Enticingly off-the-beaten-track, Guyana is a real hidden gem of South America.
With colonial influences including all of the Netherlands, Britain and France, some pretty post-colonial town centers and a wild and untouched backcountry that goes from mist-topped tepuis to wild virgin rainforests, it’s hardly surprising there’s so much to see and do.
Let’s have a look at the best places to visit in Guyana:
The place where so many Guyanese come to shop, work and play is actually something of a shadow of its former self.
In fact, there’s no question that Georgetown’s golden age came with the height of the colonial powers here, a fact that its name – made in honour of England’s King George III – implies.
Miners, plantation builders, architects, statesmen and more all flocked to this corner of Demerara-Mahaica to play their part as the city went from Dutch to French to British rule, imbuing the town with the likes of Stabroek Market and whitewashed St George’s Cathedral as they went.
The Parliament Building is also worth a stop-off, while the national museum is a great place to get acquainted with local history.
Oh, and the Demerara Rum Distillery is a welcome break from the heritage!
For almost a whole century, the settlement of Linden has been Guyana’s primary mining hub, with thousands of prospectors and miners making their way to this tropical spot to pull bauxite from the hills that line the Demerara River.
Today, the history and development of this mining past is chronicled in the Linden Museum of Socio-Cultural Heritage in the centre of town, revealing the evolution of the place from tented outpost in the early 1900s to mechanised industrial center today – even if many of the shaft mines have now shut down.
Other travelers will want to make a beeline for Gluck Island on the Essequibo to the west, with its red howler monkeys, colossal lily pads and tropical bird watching.
3. Kanuku Mountains
The great peaks of Kanuku are divided in two by the long and winding water channels of the Rupununi River, separated into a duo of diamond-shaped highland regions that are both famed for their wealth of mammalian species and old growth forests.
It’s actually rather rare that travels will make their way this deep into the southern recesses of the nation, passing the tepui peaks of Potaro-Siparuni and traversing great stretches of savannah and lowland forest to get here.
Those who do come, however, can spy out the rare harpy eagle, giant otters in the riparian habitats and the colossal (though now rare) pirarucu fish.
Straddling the channels of the Essequibo River where it joins the meanders of the Cuyuni and gives way to the wilder, less inhabited heartlands of Guyana, Bartica was once known as the ‘Gateway to the Interior’.
It was a popular stop-off for prospectors and miners making their way to the far-flung gold and mineral dig sites that erupted by the bucket load between the mountains of Potaro-Siparuni in the last century, while today it still bustles with cargo barges and river-dwelling folk, all of whom happily hop between the town’s Brazilian eateries and clutch of bubbling local beer bars during the weekend.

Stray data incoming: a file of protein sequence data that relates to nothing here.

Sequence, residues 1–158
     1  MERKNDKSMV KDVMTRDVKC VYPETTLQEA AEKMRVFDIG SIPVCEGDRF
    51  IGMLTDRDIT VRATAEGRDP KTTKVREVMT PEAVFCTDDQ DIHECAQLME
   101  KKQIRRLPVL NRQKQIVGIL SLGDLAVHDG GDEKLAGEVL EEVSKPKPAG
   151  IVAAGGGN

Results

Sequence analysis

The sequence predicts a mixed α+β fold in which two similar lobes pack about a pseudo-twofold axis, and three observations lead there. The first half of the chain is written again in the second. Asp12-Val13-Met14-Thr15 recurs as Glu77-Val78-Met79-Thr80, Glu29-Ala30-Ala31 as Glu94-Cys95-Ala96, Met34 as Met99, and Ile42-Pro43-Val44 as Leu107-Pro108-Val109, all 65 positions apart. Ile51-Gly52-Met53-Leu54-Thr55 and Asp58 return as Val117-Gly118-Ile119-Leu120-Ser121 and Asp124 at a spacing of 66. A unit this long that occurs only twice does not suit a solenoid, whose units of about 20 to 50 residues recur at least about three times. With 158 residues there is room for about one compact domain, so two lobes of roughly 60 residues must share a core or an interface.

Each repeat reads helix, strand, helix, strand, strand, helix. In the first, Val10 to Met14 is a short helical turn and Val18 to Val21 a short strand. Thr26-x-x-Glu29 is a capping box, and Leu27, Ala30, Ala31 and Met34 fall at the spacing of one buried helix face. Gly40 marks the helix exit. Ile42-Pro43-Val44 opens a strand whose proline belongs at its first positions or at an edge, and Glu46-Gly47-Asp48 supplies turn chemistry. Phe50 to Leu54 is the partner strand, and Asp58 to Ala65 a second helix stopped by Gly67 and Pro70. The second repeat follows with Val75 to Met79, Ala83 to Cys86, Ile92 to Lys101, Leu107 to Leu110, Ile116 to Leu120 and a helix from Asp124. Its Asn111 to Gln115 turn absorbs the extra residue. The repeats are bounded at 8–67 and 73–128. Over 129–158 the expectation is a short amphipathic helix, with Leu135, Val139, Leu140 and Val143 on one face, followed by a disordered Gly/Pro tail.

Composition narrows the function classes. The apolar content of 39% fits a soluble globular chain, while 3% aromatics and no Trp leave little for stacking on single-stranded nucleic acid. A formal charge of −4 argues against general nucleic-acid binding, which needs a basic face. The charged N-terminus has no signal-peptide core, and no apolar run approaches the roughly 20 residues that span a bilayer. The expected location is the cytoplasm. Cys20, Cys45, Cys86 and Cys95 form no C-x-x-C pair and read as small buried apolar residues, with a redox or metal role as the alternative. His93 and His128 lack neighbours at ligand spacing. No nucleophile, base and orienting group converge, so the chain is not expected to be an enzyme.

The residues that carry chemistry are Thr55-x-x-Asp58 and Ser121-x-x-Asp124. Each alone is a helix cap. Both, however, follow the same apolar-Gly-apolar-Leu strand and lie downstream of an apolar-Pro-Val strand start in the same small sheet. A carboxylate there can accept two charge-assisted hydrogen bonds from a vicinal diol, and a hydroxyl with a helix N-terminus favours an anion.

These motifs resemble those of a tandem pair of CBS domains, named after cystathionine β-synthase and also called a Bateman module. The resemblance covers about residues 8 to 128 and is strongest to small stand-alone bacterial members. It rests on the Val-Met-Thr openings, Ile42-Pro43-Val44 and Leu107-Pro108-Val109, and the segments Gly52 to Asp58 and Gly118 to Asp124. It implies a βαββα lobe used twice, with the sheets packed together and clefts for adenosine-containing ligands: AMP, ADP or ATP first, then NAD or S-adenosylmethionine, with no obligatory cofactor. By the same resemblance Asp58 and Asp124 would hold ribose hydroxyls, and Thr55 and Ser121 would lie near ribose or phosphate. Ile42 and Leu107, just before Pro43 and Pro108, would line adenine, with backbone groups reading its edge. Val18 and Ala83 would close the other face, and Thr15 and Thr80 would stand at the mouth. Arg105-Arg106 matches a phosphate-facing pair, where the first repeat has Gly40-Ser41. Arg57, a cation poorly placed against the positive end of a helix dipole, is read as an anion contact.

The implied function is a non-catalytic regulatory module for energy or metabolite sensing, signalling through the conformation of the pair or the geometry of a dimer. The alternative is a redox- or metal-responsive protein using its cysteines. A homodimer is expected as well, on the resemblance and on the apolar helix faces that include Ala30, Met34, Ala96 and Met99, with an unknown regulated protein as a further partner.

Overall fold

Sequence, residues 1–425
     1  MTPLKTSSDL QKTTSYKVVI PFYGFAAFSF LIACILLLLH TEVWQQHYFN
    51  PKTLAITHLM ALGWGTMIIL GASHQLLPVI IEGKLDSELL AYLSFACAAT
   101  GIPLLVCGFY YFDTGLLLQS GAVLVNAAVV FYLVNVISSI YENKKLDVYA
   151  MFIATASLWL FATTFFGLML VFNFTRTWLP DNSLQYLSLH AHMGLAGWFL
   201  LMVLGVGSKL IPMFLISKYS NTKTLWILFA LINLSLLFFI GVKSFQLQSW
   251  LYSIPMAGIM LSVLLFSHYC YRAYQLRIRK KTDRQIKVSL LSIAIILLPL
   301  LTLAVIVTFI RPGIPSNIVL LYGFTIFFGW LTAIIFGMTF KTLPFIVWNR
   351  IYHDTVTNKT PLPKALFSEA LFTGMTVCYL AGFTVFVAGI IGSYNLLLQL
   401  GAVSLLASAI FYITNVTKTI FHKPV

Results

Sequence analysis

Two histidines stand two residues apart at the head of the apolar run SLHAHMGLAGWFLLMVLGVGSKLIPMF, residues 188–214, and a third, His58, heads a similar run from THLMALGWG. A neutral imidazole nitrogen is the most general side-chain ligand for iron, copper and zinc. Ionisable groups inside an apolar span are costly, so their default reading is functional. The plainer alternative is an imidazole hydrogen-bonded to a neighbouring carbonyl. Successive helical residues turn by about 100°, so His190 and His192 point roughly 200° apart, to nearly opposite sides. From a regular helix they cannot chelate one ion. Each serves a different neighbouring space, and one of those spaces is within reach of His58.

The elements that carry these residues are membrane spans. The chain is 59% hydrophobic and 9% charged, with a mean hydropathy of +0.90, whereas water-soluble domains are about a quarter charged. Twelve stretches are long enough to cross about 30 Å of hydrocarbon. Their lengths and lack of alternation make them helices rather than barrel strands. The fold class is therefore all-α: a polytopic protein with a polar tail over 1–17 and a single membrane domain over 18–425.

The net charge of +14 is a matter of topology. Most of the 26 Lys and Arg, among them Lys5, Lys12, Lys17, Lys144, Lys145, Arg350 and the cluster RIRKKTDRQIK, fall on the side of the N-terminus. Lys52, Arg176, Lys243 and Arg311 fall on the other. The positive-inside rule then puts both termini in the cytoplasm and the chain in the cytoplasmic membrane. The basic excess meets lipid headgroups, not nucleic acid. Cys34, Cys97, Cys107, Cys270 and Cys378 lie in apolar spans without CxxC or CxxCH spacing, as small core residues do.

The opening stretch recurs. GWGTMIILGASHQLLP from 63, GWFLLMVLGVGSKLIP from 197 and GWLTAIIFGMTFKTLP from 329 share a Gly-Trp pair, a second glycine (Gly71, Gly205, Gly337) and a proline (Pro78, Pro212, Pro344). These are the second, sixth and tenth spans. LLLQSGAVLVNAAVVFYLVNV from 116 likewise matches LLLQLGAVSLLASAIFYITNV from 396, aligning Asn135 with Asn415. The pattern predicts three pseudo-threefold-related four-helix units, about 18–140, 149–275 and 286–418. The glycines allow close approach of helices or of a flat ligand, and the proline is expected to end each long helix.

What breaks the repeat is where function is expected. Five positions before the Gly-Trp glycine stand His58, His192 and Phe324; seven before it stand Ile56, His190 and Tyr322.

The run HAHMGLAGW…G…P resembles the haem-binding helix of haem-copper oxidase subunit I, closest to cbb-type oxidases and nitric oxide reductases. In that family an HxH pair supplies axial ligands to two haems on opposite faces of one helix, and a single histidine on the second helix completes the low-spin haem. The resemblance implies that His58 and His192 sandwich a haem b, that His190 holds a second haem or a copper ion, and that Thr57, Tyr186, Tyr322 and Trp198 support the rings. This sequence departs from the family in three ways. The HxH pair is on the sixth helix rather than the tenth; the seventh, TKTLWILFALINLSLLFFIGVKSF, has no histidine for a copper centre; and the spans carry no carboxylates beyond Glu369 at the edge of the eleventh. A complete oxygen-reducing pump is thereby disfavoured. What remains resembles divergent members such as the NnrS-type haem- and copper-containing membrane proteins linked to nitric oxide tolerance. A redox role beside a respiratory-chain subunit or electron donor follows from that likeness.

5. New Amsterdam
Since its foundation in the middle of the 18th century, New Amsterdam – the regional capital of East Berbice-Corentyne – has flitted from Dutch masters, who held sway over the lowland plantations here from the citadel of Fort Nassau up the valley (the remains of which can still be visited today), to the British, who endowed it with ground-breaking sanitation laws and attracted the likes of Cesar Castellani (perhaps the most famous architect to grace Guyana with his work).
As testimony to Castellani’s influence, the masterful facades of the New Amsterdam Public Hospital still adorn the streets, while New Amsterdam’s trio of downtown strips pulses with marketplaces and light industry to boot.
6. Port Mourant
Port Mourant is a small and welcoming little town on Guyana’s Atlantic coastal stretches, famed for its prolific output of cricketers (the sound of cork on willow is the usual backing track to daily life here!) and as the birthplace of the county’s revered ‘Father of the Nation’: Dr Cheddi Jagan.
The down-to-earth spot is also a great place to glimpse Guyana’s agricultural heartland, with famer’s markets touting fresh fruits straight from the fields.
A resident population of students add a youthful edge to the place, while the nearby urban center of Rose Hall is interesting in that it’s Guyana’s smallest town.
7. Kaieteur National Park
The jewel of the Potaro-Siparuni region is a vast and expansive protected area that rises and falls with the great bulwark ridges of the Guyana tepuis.
Dressed in thick, monkey-dotted, jaguar-stalked rainforests and covering a whopping 62,000 hectares, it’s hailed as the ecotourist hotspot for the country.
And while the biodiversity and untouched virgin woods are real pulls, the piece de resistance here is unquestionably the Kaieteur Falls.
Cascading a mind-blowing 226 meters down the escarpments of the Pacaraima Mountains, these dwarf both the Niagara and Victoria Falls alike, and cast plumes of tropical mist into the jungle airs all around.
Yes sir, a trip here is a must!
8. Orinduik Falls
Carving their way out of the rocks that roll out from the Pakaraima Mountains in the western reaches of Guyana, just on the border with Venezuala, the Orinduik Falls offer something a little different to the country’s great cascading cataracts that fall from the top of its tepui hills.